The Union Cabinet meeting today is likely to take up an ordinance to end the legal tender of the demonetised Rs 500 and Rs 1,000 notes, media reports say. The ordinance will also likely specify the date when the notes will become illegal, which is widely speculated to be 30 December.
There have also been reports saying the ordinance is likely to impose penalties on anyone possessing the junked notes beyond 30 December when the deadline to deposit them in banks expires.
However, there has not been any official word on the move.
The ordinance will formalise the demonetisation, which was an executive decision announced on 8 November. According to a report in The Indian Express, which quotes a government official, this is a requirement as otherwise the demonetised notes will continue as a legal tender.
“If we do not put an end date on the legal character of the old notes, then they can be infinitely valid as a legal tender,” the official has been quoted as saying in the report. Explaining the rationale, he also said ending the legal tender of all notes on 30 December is important as it will clear the uncertainty for the government on how much money has flown into the system.
The ordinance will extinguish the liability of the government and RBI towards the promise to pay the bearer of these notes their value because of a statutory requirement.
In 1978 a similar ordinance was issued to end the government’s liability after Rs 1,000, Rs 5,000 and Rs 10,000 notes were demonetised by the Janata Party government under Morarji Desai.
According to the official cited in the IE report, the deposit of old notes will be allowed after 30 only in cases of exigencies. A Times of India report notes that the depositor of old notes will have to give reasons for doing so. The report also says possession of old notes will be allowed for research and numismatics purposes.
However, if the government decides the cut-off date as 30 December that will be another breach of promise by the government and the RBI. Prime minister Narendra Modi had on 8 November said the RBI window to deposit these notes will remain open beyond 30 December until 31 March. An ordinance that seeks to end the deposits on 30 December would mean the government and the RBI are going back on another promise they made to the common man.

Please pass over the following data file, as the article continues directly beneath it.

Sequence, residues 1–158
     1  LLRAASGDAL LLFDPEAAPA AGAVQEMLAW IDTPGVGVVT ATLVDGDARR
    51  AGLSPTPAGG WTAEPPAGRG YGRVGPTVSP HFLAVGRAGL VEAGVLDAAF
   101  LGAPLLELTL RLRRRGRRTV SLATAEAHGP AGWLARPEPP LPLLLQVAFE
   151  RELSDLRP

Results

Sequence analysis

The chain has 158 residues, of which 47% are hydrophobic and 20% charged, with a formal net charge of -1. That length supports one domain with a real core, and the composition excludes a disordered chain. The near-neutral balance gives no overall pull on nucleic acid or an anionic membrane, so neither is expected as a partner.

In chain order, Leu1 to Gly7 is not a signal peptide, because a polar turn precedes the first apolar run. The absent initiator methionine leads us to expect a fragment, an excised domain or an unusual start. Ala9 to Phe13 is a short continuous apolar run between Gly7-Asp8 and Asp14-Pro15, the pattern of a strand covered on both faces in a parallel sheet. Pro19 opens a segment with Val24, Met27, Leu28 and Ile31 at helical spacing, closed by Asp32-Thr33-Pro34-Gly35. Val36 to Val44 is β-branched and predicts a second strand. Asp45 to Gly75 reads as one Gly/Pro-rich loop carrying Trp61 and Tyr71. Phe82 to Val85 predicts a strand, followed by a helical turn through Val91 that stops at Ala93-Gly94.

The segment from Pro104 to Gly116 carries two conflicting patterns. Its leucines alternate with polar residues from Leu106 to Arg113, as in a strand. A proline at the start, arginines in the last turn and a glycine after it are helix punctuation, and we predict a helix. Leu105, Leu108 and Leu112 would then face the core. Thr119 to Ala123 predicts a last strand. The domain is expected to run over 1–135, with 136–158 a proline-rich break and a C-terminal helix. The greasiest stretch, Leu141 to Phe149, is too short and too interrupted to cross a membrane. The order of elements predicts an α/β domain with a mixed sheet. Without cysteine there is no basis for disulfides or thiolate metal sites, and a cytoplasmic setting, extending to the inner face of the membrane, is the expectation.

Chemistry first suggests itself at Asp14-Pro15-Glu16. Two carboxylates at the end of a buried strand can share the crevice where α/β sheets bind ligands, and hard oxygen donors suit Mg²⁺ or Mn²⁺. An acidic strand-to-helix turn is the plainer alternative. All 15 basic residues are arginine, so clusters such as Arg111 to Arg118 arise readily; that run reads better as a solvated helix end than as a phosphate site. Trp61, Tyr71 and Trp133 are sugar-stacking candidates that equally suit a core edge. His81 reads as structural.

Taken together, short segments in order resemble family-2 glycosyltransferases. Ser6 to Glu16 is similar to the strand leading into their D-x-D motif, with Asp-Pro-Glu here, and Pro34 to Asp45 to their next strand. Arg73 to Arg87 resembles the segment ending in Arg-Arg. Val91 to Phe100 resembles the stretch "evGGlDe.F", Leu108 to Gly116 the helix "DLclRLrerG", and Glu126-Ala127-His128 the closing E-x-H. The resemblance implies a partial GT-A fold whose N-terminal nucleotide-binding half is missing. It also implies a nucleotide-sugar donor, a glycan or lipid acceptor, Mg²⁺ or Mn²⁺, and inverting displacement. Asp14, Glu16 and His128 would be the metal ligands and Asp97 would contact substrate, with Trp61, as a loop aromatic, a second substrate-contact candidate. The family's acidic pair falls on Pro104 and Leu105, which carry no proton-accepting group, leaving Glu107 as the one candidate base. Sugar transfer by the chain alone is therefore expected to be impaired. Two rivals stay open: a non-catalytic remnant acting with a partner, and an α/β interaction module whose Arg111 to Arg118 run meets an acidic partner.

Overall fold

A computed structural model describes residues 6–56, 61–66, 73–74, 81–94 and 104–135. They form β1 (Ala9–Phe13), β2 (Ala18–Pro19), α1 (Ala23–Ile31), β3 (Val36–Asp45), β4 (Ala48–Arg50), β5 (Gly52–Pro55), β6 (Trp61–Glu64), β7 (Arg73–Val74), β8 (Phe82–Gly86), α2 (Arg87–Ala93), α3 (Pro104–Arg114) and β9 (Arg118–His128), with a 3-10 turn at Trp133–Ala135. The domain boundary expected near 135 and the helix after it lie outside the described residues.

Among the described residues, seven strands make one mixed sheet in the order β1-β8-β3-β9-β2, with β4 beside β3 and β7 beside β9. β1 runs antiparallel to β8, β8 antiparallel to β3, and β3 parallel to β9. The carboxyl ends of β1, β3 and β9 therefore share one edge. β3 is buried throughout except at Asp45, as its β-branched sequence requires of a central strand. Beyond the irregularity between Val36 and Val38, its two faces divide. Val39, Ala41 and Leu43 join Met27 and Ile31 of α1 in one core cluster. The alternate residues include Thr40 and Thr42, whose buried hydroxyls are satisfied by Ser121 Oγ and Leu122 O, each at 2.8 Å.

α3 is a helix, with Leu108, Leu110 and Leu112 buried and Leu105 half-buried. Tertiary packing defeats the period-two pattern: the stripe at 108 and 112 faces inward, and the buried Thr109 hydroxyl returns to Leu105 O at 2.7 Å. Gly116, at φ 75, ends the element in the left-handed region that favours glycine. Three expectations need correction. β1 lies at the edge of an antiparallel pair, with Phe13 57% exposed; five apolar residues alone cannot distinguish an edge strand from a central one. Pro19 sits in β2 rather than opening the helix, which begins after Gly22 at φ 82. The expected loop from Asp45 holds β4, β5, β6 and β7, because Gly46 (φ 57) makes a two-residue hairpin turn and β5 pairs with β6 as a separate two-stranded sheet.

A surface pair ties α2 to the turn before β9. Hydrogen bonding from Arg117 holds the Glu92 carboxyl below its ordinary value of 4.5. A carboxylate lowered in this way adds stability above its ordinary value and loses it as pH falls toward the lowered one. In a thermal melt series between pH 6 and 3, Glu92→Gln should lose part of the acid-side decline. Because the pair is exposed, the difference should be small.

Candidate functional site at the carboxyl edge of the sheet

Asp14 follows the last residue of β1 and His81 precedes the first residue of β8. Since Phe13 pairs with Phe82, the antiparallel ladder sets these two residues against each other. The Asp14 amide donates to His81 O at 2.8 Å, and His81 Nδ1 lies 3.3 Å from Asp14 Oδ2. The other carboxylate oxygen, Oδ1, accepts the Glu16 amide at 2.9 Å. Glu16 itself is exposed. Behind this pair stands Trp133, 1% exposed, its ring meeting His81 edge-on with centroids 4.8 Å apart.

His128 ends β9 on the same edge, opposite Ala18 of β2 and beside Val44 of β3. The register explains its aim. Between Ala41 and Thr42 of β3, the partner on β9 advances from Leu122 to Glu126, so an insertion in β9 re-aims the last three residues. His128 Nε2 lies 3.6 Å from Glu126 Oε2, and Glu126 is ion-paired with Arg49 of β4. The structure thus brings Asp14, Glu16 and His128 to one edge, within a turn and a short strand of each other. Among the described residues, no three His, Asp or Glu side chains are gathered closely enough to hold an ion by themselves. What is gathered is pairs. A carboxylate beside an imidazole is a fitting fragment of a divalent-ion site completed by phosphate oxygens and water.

The government had while announcing the demonetisation of the old currency allowed holders to either exchange them or deposit in bank and post office accounts. While the facility to exchange the old notes has since been withdrawn, depositors have time until Friday to deposit the holding in their accounts at the bank branches.
Media reports earlier said there could be a cap of holding no more than 10 notes of each after 30 December and violation of the rule could draw a fine of a minimum of Rs 50,000 or 5 times the amount in question – whichever is higher. However, there was no confirmation on this.
For those depositing any accounted funds, or black money, it has offered them an amnesty provided they paid 50 percent of it as tax and penalties and parked a quarter of it in a zero-interest bearing deposit for four years.
Out of the Rs 15.44 lakh crore worth of 500 and 1000 rupee notes in circulation on November 8, close to Rs 13 lakh crore have been deposited in accounts or exchanged for valid currency.